Instead, we often hear the clear teaching of Christ get either diluted and distorted in order to ratify the delusions of those trapped in  the pop-psychology of inclusion, self-affirmation and self-fulfillment. Is it any wonder, then, that the cross of Christ is now so often treated as a merely a “has been” historical fact, rather than as the ongoing transformative mystery of divine graciousness and fidelity? People are urged to ignore the fact that it is only through full immersion into the mystery of the cross of Christ that all dimensions of our shared humanity can share in the saving, gracious and regenerative mercy of God. The proclamation of a “has been” Savior will only foster “has been” faith and spiritualities.
All the above points out the need to seek God’s guidance so as to discern how to more faithfully and authentically proclaim the Gospel of Christ in a world blinded by distorted perspectives and perverted premises. In other words, how do we call people to conversion, and not merely to some minor adjustments in their perspectives and practices? It would seem that such a process would require that we ourselves personally embrace the call to conversion. If we operate from the false premise that we, as Catholics, have our act together, we deceive ourselves and thus can only seduce others into joining us in our timid faith, our vapid hope and our tepid love.
It is worth noting here that, while Peter was indeed the rock on which Jesus built His Church, the spirituality of  Peter was permeated with repentance and docility. In the face of reprimands and corrections from Jesus and from others, he did not sulk, but sought to grow in fidelity to Jesus, His truth and His mission. He led the Church on the path of ongoing repentance, so as to allow the gracious fidelity of the Holy Spirit to continually regenerate his life and the lives of those entrusted to his care.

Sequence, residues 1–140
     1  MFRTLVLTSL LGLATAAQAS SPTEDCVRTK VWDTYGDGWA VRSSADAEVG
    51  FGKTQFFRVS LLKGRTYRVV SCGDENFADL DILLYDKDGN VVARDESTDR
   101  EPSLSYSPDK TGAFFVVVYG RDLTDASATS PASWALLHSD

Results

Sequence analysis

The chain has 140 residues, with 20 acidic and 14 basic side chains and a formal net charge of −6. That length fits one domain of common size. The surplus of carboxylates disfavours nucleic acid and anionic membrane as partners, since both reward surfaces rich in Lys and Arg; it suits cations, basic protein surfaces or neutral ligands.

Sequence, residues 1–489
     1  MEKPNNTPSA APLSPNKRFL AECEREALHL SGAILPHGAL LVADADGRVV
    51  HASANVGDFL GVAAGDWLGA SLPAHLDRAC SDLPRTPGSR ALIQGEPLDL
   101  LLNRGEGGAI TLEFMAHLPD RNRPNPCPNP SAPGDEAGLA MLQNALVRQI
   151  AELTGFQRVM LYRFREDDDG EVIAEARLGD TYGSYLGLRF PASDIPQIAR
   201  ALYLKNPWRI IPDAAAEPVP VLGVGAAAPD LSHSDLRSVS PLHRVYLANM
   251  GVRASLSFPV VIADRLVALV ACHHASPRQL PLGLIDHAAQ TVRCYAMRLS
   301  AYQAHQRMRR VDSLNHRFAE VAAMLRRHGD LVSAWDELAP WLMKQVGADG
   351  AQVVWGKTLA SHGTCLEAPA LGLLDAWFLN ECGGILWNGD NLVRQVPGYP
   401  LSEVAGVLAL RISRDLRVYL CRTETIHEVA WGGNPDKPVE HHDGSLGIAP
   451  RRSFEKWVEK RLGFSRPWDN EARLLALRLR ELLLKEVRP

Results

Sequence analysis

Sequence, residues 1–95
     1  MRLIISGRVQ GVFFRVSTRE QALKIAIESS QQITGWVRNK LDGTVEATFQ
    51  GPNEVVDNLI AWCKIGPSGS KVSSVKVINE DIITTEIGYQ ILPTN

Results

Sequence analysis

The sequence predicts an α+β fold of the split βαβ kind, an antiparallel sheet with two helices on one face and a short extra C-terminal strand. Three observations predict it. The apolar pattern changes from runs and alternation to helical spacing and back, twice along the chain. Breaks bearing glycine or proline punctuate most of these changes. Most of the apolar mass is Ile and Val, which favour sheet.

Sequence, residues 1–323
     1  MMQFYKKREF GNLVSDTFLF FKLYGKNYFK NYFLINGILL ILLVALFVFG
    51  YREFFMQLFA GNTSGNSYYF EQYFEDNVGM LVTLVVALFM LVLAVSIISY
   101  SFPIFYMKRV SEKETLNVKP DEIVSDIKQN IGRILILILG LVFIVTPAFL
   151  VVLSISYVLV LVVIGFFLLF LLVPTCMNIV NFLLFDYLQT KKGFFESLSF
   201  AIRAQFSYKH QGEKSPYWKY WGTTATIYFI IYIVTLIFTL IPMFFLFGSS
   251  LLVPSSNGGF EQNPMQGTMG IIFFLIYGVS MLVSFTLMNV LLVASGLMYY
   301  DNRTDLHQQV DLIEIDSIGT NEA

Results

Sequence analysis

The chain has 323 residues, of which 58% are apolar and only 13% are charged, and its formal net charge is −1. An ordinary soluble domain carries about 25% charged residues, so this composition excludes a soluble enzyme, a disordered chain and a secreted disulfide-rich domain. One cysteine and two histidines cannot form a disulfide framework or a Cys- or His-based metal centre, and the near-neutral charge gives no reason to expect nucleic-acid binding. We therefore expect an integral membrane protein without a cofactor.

Sadly, in recent years, this repentant hunger and thirst for righteousness has been deceptively assuaged by seductive worldly perspectives to the point where even many Church leaders identify spiritual regeneration merely in secular terms of revising and remarketing the Gospel. And so it is that, whereas the transformative graciousness of our God is accessed by denying ourselves, taking up our crosses and following Jesus, evangelization efforts today are too often based on the manipulative advertising techniques of Madison Avenue.
It kind of makes a person wonder how someone like St. Francis of Assisi was able to have any influence at all. Talk about a low-budget evangelization program! It would be interesting to see what would happen if, in our own day, following the example of St. Francis, all members of the Church would focus more on their own spiritual transformation in Christ than on the manipulation of others into the Church. After all, the fruit of such transformation is eternal, while the fruit of manipulation is merely superficial and ephemeral.      
Rev. Thomas Collins is a Catholic priest in the service of the people of Virginia.